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This Week In Extravagant Spending, the Honus Wagner T206 Card

If it were us, we also wouldn't want it known we paid this much money for a baseball card.

We’ve all been there, paying way too much for something we don’t actually need, just want. But at least we didn’t pay 7.25 million dollars for a Honus Wagner T206 card. There’s that.

Both the buyer and the seller of the card remain anonymous, which is probably what we’d want to be if we’d paid that amount of money for a baseball card. It is the most ever paid for a trading card, and ironically, it breaks the industry record of $6.6 million paid for a different T206 Honus Wagner trading card. Basically, the man has been dead for over 75 years, but he’s still breaking records.

The T206 Honus Wagner and the 1953 Topps Mickey Mantle are widely considered the two holy grail baseball cards. Not many exist, the players and really, really famous, and they don’t really pop up all that often, so when they do, collectors typically pounce. This trend has gotten more pronounced since the pandemic began, with trading cards considered a viable alternative to assets like rare art. And, you can, presumably, also display them at home, though most people are most likely to appreciate a painting than a trading card.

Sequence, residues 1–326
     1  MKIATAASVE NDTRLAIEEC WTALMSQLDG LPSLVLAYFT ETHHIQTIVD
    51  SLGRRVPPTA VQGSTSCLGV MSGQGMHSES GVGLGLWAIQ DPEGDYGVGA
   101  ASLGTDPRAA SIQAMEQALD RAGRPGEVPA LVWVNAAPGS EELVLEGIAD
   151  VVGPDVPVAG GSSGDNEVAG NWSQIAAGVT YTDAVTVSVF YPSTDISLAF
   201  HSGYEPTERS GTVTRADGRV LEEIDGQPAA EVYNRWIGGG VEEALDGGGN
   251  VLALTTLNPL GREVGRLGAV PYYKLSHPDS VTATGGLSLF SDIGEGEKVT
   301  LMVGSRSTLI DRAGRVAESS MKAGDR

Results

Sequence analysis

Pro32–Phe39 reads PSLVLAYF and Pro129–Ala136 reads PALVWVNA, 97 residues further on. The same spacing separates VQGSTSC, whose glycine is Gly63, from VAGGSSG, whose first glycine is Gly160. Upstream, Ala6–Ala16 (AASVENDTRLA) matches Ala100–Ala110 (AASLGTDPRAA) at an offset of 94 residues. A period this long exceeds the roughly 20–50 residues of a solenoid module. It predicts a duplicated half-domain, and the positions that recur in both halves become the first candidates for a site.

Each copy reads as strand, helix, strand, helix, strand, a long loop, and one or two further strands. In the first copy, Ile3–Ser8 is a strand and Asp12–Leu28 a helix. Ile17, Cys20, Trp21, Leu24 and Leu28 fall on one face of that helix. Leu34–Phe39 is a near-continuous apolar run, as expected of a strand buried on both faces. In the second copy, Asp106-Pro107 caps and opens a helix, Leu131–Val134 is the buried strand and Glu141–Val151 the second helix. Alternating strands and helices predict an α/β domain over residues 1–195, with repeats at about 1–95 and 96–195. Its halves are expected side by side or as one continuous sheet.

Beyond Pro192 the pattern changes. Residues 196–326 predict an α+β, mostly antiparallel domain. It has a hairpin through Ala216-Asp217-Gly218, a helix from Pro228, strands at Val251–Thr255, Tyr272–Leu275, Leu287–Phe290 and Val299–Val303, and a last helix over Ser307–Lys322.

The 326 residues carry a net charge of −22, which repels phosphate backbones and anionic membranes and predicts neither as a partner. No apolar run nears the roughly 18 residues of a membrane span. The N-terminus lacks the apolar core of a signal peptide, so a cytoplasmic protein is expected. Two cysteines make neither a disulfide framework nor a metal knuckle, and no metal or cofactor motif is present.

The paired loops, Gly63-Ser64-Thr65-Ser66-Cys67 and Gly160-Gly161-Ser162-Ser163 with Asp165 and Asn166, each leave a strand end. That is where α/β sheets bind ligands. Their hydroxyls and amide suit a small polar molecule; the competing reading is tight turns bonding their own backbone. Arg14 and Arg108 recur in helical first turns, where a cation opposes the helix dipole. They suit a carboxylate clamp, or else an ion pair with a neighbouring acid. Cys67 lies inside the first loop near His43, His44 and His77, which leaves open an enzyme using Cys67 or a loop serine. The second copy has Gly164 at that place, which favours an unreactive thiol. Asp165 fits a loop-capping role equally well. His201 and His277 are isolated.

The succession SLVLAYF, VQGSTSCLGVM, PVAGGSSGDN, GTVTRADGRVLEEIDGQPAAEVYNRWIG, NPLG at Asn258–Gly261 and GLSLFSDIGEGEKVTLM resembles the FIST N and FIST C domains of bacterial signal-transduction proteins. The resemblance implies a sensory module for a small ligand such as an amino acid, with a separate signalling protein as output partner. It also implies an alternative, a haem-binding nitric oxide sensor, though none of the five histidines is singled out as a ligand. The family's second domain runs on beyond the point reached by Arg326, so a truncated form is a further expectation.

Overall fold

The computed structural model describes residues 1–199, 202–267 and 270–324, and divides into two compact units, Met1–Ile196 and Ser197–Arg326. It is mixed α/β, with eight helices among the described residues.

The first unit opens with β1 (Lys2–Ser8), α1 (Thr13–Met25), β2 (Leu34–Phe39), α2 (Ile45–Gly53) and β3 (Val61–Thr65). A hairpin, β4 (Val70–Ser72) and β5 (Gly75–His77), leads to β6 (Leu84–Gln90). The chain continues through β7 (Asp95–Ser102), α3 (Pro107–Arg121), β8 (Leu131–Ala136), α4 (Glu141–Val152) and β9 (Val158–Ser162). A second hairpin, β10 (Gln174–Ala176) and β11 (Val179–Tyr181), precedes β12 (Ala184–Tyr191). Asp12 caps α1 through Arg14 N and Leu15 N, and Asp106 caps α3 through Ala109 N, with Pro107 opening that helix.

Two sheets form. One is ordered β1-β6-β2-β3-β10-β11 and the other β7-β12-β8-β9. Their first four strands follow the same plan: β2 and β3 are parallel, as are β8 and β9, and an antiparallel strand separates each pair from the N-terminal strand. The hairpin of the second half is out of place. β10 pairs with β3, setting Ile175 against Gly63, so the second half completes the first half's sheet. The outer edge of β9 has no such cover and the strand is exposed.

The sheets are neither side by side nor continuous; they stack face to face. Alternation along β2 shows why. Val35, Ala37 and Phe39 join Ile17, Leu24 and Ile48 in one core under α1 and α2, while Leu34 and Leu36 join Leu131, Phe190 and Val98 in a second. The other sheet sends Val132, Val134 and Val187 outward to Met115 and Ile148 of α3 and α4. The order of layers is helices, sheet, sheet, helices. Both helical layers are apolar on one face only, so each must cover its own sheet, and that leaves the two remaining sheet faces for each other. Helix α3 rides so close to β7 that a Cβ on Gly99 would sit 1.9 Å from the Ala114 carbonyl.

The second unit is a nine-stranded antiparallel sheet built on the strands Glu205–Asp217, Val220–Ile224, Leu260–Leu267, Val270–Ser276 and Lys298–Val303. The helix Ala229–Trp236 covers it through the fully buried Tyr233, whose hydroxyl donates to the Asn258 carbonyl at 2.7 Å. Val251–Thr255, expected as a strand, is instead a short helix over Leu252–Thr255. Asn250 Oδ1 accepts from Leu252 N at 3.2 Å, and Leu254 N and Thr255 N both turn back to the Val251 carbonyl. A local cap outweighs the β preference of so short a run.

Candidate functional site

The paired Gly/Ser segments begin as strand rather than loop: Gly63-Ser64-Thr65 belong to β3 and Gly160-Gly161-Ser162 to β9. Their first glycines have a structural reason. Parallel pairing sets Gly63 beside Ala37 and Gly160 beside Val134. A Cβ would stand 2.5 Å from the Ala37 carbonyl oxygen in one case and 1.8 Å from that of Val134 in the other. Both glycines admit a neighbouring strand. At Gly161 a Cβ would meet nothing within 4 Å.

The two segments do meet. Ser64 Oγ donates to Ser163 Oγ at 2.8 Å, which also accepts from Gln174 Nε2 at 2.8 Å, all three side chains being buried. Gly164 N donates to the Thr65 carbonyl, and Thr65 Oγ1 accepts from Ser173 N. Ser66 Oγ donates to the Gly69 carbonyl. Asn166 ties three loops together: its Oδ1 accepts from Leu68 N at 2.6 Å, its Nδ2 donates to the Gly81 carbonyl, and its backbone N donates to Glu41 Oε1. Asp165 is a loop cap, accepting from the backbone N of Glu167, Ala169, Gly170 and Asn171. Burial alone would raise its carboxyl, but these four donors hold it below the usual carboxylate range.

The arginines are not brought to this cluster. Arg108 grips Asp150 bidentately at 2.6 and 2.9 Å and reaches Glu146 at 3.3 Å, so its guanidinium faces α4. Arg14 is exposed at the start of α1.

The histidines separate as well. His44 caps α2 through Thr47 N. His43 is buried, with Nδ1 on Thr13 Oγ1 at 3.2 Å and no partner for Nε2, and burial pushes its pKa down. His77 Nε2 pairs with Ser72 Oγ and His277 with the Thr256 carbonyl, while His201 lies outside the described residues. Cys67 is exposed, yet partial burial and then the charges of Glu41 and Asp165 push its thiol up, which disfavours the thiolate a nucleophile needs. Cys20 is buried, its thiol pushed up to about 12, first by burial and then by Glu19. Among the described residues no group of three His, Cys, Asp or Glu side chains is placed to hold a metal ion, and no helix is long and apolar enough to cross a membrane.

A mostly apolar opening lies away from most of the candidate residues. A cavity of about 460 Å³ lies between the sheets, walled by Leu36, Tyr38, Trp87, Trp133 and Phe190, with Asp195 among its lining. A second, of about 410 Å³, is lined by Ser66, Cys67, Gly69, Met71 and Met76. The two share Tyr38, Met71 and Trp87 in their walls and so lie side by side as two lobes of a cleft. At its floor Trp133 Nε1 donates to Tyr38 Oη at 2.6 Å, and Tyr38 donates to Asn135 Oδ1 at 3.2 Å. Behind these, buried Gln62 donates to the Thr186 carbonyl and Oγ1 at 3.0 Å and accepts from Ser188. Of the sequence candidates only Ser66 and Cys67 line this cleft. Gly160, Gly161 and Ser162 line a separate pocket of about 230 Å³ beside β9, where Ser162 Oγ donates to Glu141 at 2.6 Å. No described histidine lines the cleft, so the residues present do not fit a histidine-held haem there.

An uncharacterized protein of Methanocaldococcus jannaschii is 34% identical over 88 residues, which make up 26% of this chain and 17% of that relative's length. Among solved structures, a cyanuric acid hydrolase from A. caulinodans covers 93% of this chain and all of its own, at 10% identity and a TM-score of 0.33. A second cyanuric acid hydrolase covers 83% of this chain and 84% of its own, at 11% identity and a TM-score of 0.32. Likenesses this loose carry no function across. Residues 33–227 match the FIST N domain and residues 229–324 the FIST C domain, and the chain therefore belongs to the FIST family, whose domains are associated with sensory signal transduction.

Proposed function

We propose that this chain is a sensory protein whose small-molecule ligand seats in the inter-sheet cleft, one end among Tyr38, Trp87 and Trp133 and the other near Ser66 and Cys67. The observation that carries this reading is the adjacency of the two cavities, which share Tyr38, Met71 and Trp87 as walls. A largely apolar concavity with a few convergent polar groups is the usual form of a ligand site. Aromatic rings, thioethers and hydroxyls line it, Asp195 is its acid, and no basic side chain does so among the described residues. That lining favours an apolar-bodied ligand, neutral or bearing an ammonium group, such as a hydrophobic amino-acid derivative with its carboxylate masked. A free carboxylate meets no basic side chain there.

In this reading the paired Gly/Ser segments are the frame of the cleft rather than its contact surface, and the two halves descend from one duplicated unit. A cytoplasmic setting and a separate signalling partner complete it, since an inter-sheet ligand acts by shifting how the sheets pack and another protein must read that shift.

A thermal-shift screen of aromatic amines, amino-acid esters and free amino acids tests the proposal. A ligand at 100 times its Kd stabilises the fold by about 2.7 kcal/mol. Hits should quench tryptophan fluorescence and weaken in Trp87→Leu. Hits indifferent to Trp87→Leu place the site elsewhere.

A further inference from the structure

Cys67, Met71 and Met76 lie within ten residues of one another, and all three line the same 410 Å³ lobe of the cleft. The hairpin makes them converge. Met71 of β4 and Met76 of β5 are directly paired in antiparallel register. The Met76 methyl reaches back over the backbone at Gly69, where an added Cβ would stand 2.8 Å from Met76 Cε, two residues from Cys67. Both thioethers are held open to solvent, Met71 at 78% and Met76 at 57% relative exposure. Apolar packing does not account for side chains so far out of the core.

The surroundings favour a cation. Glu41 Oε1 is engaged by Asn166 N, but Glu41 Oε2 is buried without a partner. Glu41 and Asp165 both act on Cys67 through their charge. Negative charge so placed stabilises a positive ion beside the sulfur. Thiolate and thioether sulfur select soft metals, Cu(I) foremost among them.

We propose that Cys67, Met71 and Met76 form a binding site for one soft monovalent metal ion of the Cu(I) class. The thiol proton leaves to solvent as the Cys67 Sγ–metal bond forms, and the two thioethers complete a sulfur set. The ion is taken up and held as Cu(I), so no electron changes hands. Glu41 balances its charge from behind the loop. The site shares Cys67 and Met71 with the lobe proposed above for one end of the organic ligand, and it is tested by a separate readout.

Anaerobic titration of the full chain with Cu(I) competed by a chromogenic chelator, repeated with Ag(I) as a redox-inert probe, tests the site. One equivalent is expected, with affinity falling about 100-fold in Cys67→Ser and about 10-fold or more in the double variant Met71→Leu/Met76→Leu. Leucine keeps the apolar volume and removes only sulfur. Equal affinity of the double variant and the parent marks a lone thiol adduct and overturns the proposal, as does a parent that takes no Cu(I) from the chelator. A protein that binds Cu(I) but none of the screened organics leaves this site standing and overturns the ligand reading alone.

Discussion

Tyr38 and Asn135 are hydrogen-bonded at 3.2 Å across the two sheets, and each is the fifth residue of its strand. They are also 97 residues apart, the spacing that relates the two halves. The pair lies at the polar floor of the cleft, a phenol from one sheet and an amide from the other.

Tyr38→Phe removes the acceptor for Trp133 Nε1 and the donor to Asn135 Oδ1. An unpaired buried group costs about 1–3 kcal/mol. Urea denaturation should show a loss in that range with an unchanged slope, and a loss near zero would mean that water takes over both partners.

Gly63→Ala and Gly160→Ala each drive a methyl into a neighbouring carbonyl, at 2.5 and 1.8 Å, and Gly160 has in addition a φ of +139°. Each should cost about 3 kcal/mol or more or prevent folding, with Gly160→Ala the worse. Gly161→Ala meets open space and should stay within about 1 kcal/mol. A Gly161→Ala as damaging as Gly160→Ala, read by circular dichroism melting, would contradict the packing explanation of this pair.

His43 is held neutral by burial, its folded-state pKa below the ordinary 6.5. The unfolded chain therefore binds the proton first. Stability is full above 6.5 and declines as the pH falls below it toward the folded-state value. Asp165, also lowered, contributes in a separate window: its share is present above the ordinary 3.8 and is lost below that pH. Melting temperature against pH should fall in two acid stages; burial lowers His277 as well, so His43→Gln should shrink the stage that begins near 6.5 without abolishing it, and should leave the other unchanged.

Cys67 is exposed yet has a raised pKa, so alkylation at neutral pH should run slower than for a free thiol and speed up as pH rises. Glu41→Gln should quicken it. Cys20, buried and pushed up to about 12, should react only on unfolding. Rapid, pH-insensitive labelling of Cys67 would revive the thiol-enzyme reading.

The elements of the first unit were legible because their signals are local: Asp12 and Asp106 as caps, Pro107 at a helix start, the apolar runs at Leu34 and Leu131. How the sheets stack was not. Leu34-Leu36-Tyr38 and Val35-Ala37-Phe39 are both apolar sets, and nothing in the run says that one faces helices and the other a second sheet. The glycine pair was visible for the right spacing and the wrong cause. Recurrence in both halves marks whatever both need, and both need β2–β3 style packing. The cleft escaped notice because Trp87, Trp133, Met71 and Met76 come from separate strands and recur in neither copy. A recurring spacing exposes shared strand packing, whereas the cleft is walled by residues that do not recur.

Wagner played in the majors from 1897 to 1917, almost entirely for the Pittsburg Pirates. Better known to collectors and history buffs alike, he was part of the Hall of Fame’s inaugural 1936 class of inductees and won eight batting titles in his career, a record that remains unbroken to this day and has only been matched by Tony Gwyn.

The mythology surrounding this particular card’s rarity stems from Wagner’s apparent opposition to it, though no firm reason for his opposition has ever been confirmed. Either way, his feelings about it led to a smaller amount of cards than usual, which is how we are here today, with one of them selling for over seven million.

Cheers to whoever has that much money spent on a trading card, and let us hope they have people in their lives who actually understand the value of it. It would suck to spend all that money on something only for your family to say you should have gotten a painting or something.